User testing in 15 minutes

Five steps to effective user-testing

User-testing does not have to be fancy or complicated. The best learning happens when the government staff person who is responsible for a service has the opportunity to observe a member of the public using that service. 

By taking 15-30 minutes up front to gather this input during the creation process, the user experience of your website and forms is dramatically improved. 

Short investment of time up front = greatly reduced calls and walk in traffic to government staff

  1. Grab a human (a resident of your area) in a place they already are
  2. Ask them to use your laptop/tablet/phone (or theirs) to try to complete an action on your current and your new/beta website (no need for fancy test environments, expensive set up, or loads of extra time)
  3. Have them actually try it and narrate their steps for you (so you hear their thinking in addition to observing it)
  4. Zip your lips and take notes (your job is to observe, not to “help” them do it)
  5. After they finish, ask them to tell you - How easy/hard was it to use the service? Was it what you expected? How could it be better for you?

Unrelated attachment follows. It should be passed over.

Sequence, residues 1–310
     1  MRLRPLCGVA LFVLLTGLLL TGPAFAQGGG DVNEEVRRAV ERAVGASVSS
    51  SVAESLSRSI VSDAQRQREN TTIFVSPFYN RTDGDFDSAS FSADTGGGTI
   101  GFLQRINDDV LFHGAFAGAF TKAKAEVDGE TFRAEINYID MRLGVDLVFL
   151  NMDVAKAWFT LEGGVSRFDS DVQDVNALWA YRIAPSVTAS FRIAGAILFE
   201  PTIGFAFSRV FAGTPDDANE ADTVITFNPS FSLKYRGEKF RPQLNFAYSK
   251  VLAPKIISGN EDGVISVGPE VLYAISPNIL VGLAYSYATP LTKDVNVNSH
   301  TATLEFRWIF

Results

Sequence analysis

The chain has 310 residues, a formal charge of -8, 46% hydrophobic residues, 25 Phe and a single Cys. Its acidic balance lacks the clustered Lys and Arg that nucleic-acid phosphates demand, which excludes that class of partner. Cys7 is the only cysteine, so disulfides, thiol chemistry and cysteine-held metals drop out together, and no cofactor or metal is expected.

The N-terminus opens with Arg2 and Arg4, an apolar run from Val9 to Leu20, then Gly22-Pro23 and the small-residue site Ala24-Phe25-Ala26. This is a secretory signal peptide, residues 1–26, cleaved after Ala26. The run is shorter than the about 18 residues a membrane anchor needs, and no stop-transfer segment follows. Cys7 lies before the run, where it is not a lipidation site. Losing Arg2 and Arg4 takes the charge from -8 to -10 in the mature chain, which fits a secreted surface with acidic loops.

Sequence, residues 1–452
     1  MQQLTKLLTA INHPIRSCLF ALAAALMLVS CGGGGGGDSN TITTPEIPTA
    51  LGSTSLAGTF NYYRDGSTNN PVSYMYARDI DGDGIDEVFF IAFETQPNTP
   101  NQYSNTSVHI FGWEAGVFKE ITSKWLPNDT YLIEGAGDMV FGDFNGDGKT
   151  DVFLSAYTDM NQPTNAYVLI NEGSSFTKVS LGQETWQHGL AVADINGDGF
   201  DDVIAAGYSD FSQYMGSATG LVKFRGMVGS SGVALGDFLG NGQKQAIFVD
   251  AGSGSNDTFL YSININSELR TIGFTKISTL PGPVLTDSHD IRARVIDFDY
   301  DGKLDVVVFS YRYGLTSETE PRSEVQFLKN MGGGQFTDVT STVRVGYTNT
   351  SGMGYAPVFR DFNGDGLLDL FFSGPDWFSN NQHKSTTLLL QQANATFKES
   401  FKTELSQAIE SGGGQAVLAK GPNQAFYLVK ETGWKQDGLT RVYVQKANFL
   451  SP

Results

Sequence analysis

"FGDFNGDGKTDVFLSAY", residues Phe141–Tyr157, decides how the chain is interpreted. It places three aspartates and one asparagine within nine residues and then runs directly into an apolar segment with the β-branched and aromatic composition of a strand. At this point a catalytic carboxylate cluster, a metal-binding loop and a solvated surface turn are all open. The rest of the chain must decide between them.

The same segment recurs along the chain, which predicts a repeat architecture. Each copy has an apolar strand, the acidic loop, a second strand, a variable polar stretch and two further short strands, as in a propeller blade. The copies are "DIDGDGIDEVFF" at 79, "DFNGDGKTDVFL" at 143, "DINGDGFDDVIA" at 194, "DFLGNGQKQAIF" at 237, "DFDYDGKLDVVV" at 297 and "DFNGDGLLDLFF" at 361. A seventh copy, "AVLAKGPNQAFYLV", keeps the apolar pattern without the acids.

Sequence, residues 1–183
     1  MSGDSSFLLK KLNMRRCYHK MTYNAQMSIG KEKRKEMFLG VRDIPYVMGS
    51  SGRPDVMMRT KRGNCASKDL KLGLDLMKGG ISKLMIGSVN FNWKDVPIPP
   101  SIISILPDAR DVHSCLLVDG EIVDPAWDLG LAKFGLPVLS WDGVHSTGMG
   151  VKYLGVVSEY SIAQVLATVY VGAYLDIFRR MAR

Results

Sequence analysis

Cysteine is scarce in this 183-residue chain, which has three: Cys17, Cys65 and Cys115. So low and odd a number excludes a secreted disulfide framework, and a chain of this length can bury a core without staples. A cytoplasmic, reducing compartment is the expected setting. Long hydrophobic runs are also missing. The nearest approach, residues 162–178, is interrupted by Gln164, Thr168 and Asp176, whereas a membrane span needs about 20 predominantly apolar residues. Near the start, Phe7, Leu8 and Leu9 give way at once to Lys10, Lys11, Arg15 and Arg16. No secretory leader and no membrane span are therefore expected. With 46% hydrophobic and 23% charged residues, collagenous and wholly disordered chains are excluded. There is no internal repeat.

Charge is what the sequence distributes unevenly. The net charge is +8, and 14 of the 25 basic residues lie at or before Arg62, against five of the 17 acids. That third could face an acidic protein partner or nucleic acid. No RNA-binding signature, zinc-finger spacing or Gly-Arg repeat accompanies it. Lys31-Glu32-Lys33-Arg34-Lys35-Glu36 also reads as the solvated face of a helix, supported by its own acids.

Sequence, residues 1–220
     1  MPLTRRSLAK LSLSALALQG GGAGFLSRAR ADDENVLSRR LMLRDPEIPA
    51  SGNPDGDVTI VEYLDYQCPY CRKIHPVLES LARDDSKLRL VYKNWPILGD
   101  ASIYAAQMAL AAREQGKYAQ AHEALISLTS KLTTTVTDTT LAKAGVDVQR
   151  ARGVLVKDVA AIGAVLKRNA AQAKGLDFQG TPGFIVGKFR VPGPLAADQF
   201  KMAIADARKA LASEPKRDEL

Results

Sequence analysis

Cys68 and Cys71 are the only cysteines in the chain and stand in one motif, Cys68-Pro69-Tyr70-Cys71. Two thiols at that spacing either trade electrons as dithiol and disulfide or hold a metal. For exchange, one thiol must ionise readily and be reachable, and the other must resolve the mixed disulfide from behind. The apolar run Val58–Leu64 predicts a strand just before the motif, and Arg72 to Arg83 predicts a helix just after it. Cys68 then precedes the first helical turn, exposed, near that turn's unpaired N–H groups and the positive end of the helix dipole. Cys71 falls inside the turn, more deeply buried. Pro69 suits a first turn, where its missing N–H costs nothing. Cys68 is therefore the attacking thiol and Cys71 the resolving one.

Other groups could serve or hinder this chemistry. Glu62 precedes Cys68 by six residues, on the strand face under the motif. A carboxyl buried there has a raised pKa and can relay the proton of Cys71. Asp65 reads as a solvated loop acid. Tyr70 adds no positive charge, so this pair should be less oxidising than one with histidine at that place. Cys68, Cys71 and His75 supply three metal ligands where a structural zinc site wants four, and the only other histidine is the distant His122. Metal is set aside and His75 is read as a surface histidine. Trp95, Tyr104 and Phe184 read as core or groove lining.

Data collection
  • Where did you do the test and who they were “30-something school teacher testing in the Library”
  • Your overall observation of how easy/hard it was and where they had issues “She was unsure of what to write in the first question, which is an open-text answer”
  • Summary of 2-3 things they said after the fact “1, This was not very clear when I started. 2, I really liked the fillable form instead of having to call in to City Hall. 3, I wish you had made the first few questions more structured so that I could have answered more easily.”
  • Your thoughts on what to do with this information “We need to make the first question a check box”)
Pro Tips
  • Provide a cup of coffee or a $5 drink voucher in exchange for their time
  • Don’t lead the user by making suggestions or giving “tips”
  • Watch what they do, more than what they say. How hard do they have to work to accomplish the task?
  • Look for pauses in action. Where do they get stuck?
  • Identify ‘Workarounds’ or adaptations when things aren’t working. For example, heading to Google when Search on the site doesn’t work well